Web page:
Thursday, June 16, 2011

On the Road . . . Korea: Foreign Food

Normally, I shy away from American chains and American food while in other countries. However, it does always fascinate me how American food gets translated into “foreign food.” For instance, Coke tastes different being sometimes sweeter or sometimes because of use of different types of sugar. Lay’s Potato Chips adds flavors like “roasted chicken,” “prawn,” and “ketchup” to the roster; McDonald’s assimilates local tastes into its menu: e.g. bacon and onion in the rolls in Prague.

In Korea, foreign food borders between the familiar and the uncanny. In Incheon Airport, Ronald and a plumper Colonel Sanders were there to greet me. However, the Colonel had added a new chicken sandwich and Ronald has Bulgogi Burger, or a shrimp burger. In walking in Gangneung, I also found other shadows of foreign food. There is pizza with shrimp and some with corn. There are hot dogs that come plain, original, dansk, chili dog, steff, cheese dog, Viking, and barbeque, and a tagline of “More meat Better Taste Delicious Food.” I also found American style pretzels and stuffed pretzels. In these, the Korean changes include “almond,” “corn,” “hot,” and “sweet potato.” Baskin Robbins also makes an appearance, offering “honey granola” and “green tea” and a hot option of ice cream and waffles (which I really wish they sold in America).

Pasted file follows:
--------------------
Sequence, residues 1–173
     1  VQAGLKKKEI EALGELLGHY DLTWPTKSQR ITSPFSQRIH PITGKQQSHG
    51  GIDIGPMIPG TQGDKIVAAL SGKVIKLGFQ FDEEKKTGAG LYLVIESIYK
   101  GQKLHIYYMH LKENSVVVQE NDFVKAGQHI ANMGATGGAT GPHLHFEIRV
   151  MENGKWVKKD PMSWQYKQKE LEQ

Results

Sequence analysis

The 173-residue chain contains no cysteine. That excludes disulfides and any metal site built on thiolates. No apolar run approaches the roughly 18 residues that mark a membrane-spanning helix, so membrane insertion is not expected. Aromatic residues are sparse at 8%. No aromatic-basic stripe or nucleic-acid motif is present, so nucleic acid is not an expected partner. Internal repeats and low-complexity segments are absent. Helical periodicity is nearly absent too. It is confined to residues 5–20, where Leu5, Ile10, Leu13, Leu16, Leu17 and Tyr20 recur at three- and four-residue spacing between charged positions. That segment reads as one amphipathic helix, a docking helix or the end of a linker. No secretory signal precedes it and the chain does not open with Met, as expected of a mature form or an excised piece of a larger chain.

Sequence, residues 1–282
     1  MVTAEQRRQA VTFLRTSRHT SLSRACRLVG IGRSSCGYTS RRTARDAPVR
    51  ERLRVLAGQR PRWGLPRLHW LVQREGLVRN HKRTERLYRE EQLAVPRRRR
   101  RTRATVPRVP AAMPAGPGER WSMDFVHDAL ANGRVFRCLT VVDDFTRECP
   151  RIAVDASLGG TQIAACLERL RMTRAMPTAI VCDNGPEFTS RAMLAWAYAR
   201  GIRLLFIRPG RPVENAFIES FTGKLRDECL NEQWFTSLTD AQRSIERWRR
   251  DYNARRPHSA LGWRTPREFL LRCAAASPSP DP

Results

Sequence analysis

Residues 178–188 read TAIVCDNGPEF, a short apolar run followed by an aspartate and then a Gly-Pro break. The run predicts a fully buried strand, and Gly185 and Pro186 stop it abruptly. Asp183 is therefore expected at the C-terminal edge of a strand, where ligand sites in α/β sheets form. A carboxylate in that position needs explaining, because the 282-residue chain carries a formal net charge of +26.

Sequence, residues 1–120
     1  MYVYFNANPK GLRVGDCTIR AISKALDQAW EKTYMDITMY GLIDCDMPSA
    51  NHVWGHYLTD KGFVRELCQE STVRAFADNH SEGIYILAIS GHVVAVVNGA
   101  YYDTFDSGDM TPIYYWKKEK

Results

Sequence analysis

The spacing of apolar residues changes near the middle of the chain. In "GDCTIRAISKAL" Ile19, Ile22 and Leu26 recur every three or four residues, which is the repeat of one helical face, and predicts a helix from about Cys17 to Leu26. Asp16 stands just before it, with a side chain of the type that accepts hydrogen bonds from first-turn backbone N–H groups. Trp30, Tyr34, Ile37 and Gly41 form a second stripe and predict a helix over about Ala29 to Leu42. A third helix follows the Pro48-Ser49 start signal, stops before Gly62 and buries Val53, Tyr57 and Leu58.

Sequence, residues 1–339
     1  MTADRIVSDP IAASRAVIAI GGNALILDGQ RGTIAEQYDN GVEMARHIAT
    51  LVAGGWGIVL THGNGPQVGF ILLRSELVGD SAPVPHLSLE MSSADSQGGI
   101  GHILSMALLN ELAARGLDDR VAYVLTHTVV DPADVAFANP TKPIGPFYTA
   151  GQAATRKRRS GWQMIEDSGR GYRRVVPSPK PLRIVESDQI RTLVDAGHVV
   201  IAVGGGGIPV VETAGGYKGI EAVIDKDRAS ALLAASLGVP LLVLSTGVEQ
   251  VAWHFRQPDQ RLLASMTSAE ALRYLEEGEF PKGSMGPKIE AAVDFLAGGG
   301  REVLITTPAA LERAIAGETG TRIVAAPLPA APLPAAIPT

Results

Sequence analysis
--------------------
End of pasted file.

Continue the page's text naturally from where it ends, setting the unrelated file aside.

The chain I took the most time researching was the Dunkin Donuts. I am usually a Krispie Kreme girl by temperament, but my curiosity won over. On the surface, this could be a fancier version of your local Dunkin: coffee, donuts, bagels, and breakfast sandwiches remind you of the usual accoutrement. Take a step closer and the face of similar begins to show its cracks.

Bubble Tea in the form of Milk Teas, Lattes, and Sweet Potato flavor are one difference. Then, the donut selection reveals quite a unique selection. There are carrot, broccoli, spinach, and plain tofu donuts . A little sweet and a little savory with a really distinct lightness of the dough (the carrot and plain being the clear flavor winners). Then, there are little round bundt looking donuts with a texture that is a lot like banana or zucchini bread and that are topped with things like crunchy pepitos. There are many chocolate donuts, and one with a crunchy baked cheese topping just begged to be tried. The final donut of note was a tomato and glazed twisted donut that border between genius and disaster, not quite accomplishing either. Although the donuts are a mixture of taste triumphs and taste confusions, Korean Dunkin Donuts is a pretty exciting foreign food twist. If my Dunkin started selling Bubble Lattes (which are just pure happiness), Sweet Potato Bubble Tea (which are also fantastic), and tofu donuts (a light and tasting alternative to overly dense donuts), I’d probably go more. 

This was the first trip in a while that made me really think about the idea of “foreign food.” Even when in England, Ireland, Prague, and France, foreign food is still fairly recognizable. Foods to me that felt exotic become mainstream and what I feel is mainstream becomes denatured of its “foreignness” to fit local palettes. Putting red bean paste in a donut or serving a shrimp burger is just a way of making the “exotic” familiar much in the same way that America created General Tsao’s to make Chinese food more appealing. As Dunkin Donuts in Korea showed me, donuts are as Korean or as American as and me.

Other Favorite "Foreign Food" Pics:

Print Friendly and PDF


Post a Comment

Related Posts Plugin for WordPress, Blogger...


Copyright © 2011 KM Robbins. This material may not be published, broadcast, rewritten or redistributed without permission. All rights reserved.
Blogging tips